whence


From The Collaborative International Dictionary of English v.0.48:

Whence \Whence\, adv. [OE. whennes, whens (with adverbial s,
   properly a genitive ending; -- see -wards), also whenne,
   whanene, AS. hwanan, hwanon, hwonan, hwanone; akin to D.
   when. See When, and cf. Hence, Thence.]
   [1913 Webster]
   1. From what place; hence, from what or which source, origin,
      antecedent, premise, or the like; how; -- used
      interrogatively.
      [1913 Webster]

            Whence hath this man this wisdom?     --Matt. xiii.
                                                  54.
      [1913 Webster]

            Whence and what art thou?             --Milton.
      [1913 Webster]

   2. From what or which place, source, material, cause, etc.;
      the place, source, etc., from which; -- used relatively.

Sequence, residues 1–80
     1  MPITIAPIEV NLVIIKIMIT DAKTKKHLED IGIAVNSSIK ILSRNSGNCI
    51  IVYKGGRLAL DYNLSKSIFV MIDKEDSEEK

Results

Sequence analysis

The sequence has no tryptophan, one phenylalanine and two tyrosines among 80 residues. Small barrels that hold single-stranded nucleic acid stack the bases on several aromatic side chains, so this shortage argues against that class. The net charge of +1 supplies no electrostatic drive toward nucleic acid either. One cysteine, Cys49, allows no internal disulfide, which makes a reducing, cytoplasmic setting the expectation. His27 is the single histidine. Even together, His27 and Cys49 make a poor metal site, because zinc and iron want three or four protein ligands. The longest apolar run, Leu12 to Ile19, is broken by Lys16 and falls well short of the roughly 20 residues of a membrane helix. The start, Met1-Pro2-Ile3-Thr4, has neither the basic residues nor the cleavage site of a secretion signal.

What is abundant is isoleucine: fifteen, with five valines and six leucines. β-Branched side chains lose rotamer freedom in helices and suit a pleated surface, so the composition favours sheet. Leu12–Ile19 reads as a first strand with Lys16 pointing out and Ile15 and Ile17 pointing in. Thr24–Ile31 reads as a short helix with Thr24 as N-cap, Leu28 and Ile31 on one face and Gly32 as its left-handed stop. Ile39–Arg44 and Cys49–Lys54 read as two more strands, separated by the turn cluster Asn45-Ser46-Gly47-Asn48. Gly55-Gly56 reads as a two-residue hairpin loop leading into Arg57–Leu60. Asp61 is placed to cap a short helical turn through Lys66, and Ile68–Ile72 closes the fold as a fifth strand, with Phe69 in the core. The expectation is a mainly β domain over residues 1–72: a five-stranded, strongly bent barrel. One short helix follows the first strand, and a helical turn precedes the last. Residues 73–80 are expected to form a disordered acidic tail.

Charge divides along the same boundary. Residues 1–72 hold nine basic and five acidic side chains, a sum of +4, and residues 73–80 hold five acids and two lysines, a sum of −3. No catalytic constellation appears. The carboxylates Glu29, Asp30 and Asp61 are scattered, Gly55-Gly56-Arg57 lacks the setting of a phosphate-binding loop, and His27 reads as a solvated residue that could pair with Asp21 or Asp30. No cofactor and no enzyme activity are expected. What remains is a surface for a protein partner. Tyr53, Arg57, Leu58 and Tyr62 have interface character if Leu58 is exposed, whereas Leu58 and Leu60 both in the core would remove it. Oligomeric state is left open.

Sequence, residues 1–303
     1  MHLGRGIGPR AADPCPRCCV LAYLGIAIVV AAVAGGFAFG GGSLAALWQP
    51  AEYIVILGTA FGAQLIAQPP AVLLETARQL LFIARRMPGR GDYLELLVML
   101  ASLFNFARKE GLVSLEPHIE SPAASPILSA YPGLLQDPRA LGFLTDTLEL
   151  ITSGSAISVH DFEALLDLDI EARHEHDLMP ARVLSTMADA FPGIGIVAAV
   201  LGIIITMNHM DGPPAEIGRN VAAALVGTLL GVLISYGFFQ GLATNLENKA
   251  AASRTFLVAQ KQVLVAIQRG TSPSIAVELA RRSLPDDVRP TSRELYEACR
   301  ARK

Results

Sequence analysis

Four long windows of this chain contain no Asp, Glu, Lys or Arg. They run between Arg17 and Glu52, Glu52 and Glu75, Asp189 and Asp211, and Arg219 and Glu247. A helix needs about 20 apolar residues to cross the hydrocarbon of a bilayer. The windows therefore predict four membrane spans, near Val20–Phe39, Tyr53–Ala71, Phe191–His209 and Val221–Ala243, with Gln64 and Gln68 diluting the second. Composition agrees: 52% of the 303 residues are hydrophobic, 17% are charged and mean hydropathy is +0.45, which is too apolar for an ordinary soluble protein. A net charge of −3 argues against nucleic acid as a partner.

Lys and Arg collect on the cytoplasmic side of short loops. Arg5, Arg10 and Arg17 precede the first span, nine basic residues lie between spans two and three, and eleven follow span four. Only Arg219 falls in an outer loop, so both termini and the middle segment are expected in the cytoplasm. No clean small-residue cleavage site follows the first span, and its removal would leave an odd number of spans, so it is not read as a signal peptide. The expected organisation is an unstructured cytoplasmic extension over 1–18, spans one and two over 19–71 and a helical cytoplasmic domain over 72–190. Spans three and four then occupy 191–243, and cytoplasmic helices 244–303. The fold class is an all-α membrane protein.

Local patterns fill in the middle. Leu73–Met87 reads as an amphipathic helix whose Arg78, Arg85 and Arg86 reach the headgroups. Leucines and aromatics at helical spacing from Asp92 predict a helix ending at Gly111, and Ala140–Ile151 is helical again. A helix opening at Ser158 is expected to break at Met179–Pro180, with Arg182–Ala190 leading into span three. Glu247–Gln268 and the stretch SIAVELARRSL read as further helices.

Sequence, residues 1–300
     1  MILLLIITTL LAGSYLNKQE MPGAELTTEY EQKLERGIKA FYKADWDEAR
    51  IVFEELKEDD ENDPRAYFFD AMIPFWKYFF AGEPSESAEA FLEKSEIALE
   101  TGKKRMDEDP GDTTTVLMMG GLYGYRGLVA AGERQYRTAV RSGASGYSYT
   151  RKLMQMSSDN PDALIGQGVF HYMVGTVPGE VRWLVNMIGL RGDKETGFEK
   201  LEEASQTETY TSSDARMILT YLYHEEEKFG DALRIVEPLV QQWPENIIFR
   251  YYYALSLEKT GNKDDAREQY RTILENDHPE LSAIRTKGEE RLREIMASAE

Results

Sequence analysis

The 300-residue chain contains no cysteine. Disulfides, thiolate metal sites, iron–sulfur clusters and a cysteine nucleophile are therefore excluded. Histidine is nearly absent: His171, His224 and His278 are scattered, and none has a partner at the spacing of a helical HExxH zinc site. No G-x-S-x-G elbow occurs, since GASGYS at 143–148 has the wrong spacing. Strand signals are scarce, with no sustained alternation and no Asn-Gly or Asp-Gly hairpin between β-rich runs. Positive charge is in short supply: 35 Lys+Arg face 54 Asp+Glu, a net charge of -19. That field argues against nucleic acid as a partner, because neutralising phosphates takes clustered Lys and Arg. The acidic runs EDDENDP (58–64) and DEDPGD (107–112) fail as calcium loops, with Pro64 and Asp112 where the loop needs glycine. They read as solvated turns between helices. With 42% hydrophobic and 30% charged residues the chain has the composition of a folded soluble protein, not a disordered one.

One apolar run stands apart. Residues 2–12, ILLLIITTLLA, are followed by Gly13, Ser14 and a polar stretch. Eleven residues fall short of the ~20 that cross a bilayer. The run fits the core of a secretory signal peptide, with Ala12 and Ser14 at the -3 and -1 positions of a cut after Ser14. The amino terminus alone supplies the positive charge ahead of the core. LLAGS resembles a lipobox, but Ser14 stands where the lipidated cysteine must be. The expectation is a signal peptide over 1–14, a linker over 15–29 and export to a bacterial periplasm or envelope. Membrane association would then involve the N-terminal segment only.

[1913 Webster]

            Grateful to acknowledge whence his good
            Descends.                             --Milton.
      [1913 Webster]

   Note: All the words of this class, whence, where, whither,
         whereabouts, etc., are occasionally used as pronouns by
         a harsh construction.
         [1913 Webster]

               O, how unlike the place from whence they fell?
                                                  --Milton.
         [1913 Webster]

   Note: From whence, though a pleonasm, is fully authorized by
         the use of good writers.
         [1913 Webster]

               From whence come wars and fightings among you?
                                                  --James iv. 1.
         [1913 Webster] Of whence, also a pleonasm, has become
         obsolete.
         [1913 Webster]
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